Any life transition is unsettling for us, and needs adjustment time whether changing schools, leaving school, starting work or university, changing jobs, leaving home or getting married. However becoming parents for the first time maybe the biggest leap of all. There are always gains – and losses – whenever we make a big change. We need to find a balance in our lives to accommodate all aspects that contribute to our wellbeing. Young parents can find it incredibly difficult to find time for themselves as individuals, time for co-parenting and being a family, and time as partners. Sometimes one aspect or other gets lost, and this can led to dissatisfaction, resentment and blame which then leads to arguments between partners.

What I hear in my counselling room is that each partner is feeling that their needs are not being heard or understood. It’s hard to hear or respond to what your partner is saying in a positive way if you don’t believe they are hearing or responding to you in a positive way—however this is what is needed. Below I will try to help you understand what your partner may be needing so you can get it right!

What you need to consider for Her
• She needs her partner to talk to her – not for hours on end, but share with her your thoughts, feelings, and things that have bothered you, that you have achieved, and that you want. She also wants to see that you want to know these things about her. Women are relationship focused. It is important to her that you two are connected and on the same page about these things.
• She wants your emotional support. If you see her upset, sad, frustrated, exhausted, lonely, hurt, unsure of herself, or with any other emotion, she wants to know you understand. Sometimes she may want you to fix it, but mostly she will just need to be able to tell you about it, know you care, and to give her a hug that says “I am here for you, we’re a team”.
• She will also thrive if you tell her she is a great mum, a great wife, a great support, and looks great in those jeans.
• She needs to know you will keep her safe. If something were to go wrong, you would be there for her.
• She needs you to encourage her to meet with her friends, and to have some times for leisure activities while you or a babysitter looks after the baby. She will come back refreshed.
• She needs you to want some couple time where you go out for a coffee or do some other activity together, and to want some family time where you stroll to the park together.

What you need to consider for Him
• He needs to see that his partner respects him as being a diligent provider, protector, parent —and lover.
• As a provider, he works hard at work—for the family. He wants to keep his family safe.
• He wants you to see that he is a good parent who loves and takes care of his baby.
• He wants to be close to you by giving and receiving affection, and sex. Sure you can say no to the sex because you are tired, or sick—but not for long periods of time or he will feel estranged.
• He will also thrive if you tell him she is a great dad, a great husband, a great support, and that you will make sure he has enough clean jocks and shirts because you care.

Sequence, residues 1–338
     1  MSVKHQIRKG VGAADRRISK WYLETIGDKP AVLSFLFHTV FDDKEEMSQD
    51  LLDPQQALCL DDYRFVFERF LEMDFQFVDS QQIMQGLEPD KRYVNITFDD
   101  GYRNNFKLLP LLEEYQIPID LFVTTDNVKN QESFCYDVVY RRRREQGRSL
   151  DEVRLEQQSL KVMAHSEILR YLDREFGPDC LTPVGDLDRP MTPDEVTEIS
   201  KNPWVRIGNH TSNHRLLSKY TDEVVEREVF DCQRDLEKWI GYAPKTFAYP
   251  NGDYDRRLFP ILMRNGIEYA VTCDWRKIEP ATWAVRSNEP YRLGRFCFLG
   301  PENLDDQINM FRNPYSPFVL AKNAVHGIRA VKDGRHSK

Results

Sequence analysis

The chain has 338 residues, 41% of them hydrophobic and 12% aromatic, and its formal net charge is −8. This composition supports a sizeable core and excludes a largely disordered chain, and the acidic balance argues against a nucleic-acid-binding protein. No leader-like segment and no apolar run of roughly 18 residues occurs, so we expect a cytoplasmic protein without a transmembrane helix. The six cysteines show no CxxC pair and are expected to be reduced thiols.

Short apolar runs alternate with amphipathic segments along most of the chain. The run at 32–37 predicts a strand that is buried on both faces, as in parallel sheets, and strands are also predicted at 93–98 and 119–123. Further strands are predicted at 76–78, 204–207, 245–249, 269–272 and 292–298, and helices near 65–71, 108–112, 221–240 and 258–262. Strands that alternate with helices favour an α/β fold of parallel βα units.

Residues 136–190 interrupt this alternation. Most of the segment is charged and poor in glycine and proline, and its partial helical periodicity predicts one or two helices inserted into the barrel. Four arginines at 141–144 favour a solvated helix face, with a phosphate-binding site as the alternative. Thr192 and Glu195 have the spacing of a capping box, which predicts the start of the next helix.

• He needs to be encouraged and supported to have some time for exercise which will increase endorphins in his system to keep up his wellbeing.
• He needs to have some time with his mates, or for his leisure activities. He will come back refreshed.

Wow you might say—this all looks too hard! You are feeling time poor, stretched to the limit, and these suggestions are unreasonable! So let’s break it down so all of the above can happen for you to keep the love alive for you as partners, parents and individuals.

For the couple I am suggesting you act like people in love do. They greet each other warmly after a day apart, they show interest in what the other has been doing, show support if times have been tough, celebrate achievements, show respect for how they have handled issues, be prepared to share tasks to keep the household running, want to spend time together either out or watching telly, spend time with friends and both families of origin, celebrate special occasions, plan for holidays and act like affectionate lovers do. The saying is: “every moment you choose to connect or disconnect”, so take responsibility to stay connected.

We all need to have time for ourselves in recovery mode, or pursuing self-care and maintenance of health and well-being. Make it possible for your partner to have this time by taking it in turns to have a Saturday or Sunday morning off home duties. Also take in turns to give each other a sleep in on weekends.

As a family, make sure it’s not all work and no play. Childhood goes so quickly, so make time to enjoy and share the moments.
You see it’s about living and making the most of the moments. It can be done if you want to, and can work together to find time management strategies. If you need help, the intelligent thing to do is to seek counselling with a professional. You are not just parents, but partners in a team where together you can make your hopes and dreams for yourselves as individuals, for a loving relationship with your partner and for a happy family life come true. Your life will be full of ups and downs. Occasionally you will have to ‘reboot’-that’s normal.

I wish you well on your journey.

Read more about Rosalie Pattenden and Part one of her blog here